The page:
Increased free water in the substantia nigra of Parkinson's disease: A single-site and multi-site study

Edward Ofori, Ofer Pasternak, Peggy J. Planetta, Roxana Burciu, Amy Snyder, Marcelo Febo, Todd E. Golde, Michael S. Okun, David E. Vaillancourt

Research output: Contribution to journalArticlepeer-review

70 Scopus citations

Abstract

Measures from diffusion magnetic resonance imaging reflect changes in the substantia nigra of Parkinson's disease. It is the case, however, that partial volume effects from free water can bias diffusion measurements. The bi-tensor diffusion model was introduced to quantify the contribution of free water and eliminates its bias on estimations of tissue microstructure. Here, we test the hypothesis that free water is elevated in the substantia nigra for Parkinson's disease compared with control subjects. This hypothesis was tested between large cohorts of Parkinson's disease and control participants in a single-site study and validated against a multisite study using multiple scanners. The fractional volume of free water was increased in the posterior region of the substantia nigra in Parkinson's disease compared with control subjects in both the single-site and multi-site studies. We did not observe changes in either cohort for free-water-corrected fractional anisotropy or free-water-corrected mean diffusivity. Our findings provide new evidence that the free-water index reflects alteration of the substantia nigra in Parkinson's disease, and this was evidenced across both single-site and multi-site cohorts.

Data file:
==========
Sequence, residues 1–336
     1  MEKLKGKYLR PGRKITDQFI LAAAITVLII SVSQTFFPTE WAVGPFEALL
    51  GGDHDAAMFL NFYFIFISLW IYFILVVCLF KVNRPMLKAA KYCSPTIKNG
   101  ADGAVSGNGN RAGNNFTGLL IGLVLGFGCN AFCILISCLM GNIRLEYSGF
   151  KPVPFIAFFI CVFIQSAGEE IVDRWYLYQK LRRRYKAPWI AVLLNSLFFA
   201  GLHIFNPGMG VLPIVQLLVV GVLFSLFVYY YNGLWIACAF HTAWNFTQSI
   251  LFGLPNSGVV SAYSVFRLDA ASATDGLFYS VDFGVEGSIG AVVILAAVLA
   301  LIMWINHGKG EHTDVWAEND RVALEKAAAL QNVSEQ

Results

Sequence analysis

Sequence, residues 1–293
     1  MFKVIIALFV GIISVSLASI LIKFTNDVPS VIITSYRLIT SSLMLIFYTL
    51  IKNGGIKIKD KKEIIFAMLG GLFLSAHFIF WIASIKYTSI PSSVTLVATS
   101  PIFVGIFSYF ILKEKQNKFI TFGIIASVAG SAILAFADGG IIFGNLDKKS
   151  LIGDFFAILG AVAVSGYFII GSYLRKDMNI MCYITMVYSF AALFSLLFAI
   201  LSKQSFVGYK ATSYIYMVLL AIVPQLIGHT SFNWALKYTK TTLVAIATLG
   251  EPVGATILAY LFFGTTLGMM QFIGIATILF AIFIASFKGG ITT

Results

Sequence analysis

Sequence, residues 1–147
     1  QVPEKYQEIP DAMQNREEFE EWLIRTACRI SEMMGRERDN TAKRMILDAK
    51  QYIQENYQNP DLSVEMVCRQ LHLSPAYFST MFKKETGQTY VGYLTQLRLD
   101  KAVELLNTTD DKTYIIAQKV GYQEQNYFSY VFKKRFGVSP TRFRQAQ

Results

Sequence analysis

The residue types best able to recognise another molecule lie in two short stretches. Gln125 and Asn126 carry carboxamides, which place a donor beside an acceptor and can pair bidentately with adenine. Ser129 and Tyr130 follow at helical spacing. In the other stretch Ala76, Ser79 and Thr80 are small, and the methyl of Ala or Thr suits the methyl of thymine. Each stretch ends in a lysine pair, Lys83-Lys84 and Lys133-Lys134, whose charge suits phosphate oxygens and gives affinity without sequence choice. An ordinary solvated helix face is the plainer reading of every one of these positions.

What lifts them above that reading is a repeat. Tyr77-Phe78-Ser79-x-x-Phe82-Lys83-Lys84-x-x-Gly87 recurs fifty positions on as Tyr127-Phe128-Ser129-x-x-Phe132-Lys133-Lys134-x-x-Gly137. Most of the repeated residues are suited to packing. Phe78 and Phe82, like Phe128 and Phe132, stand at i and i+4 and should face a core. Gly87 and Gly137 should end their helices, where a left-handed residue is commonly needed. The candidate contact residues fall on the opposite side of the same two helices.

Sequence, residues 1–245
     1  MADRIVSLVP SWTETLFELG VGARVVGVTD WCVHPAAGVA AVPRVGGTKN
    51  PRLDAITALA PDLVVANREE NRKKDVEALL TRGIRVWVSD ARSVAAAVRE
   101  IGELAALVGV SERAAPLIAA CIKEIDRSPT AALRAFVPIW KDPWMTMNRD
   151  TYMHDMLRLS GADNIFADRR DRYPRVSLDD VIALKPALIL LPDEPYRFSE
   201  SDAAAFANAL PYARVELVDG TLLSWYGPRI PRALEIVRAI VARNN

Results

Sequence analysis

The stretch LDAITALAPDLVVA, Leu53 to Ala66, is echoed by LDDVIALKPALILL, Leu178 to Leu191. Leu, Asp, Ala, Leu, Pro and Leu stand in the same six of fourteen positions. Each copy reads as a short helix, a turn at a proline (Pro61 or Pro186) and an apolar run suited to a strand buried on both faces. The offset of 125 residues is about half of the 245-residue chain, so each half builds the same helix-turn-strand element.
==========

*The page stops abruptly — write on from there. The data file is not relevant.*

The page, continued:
Original languageEnglish (US)
Pages (from-to)1097-1104
Number of pages8
JournalNeurobiology of Aging
Volume36
Issue number2
DOIs
StatePublished - Feb 1 2015
Externally publishedYes

Keywords

  • Diffusion MRI
  • Free-water mapping
  • Parkinson's disease
  • Substantia nigra

ASJC Scopus subject areas

  • Neuroscience(all)
  • Aging
  • Clinical Neurology
  • Developmental Biology
  • Geriatrics and Gerontology

Fingerprint

Dive into the research topics of 'Increased free water in the substantia nigra of Parkinson's disease: A single-site and multi-site study'. Together they form a unique fingerprint.

Cite this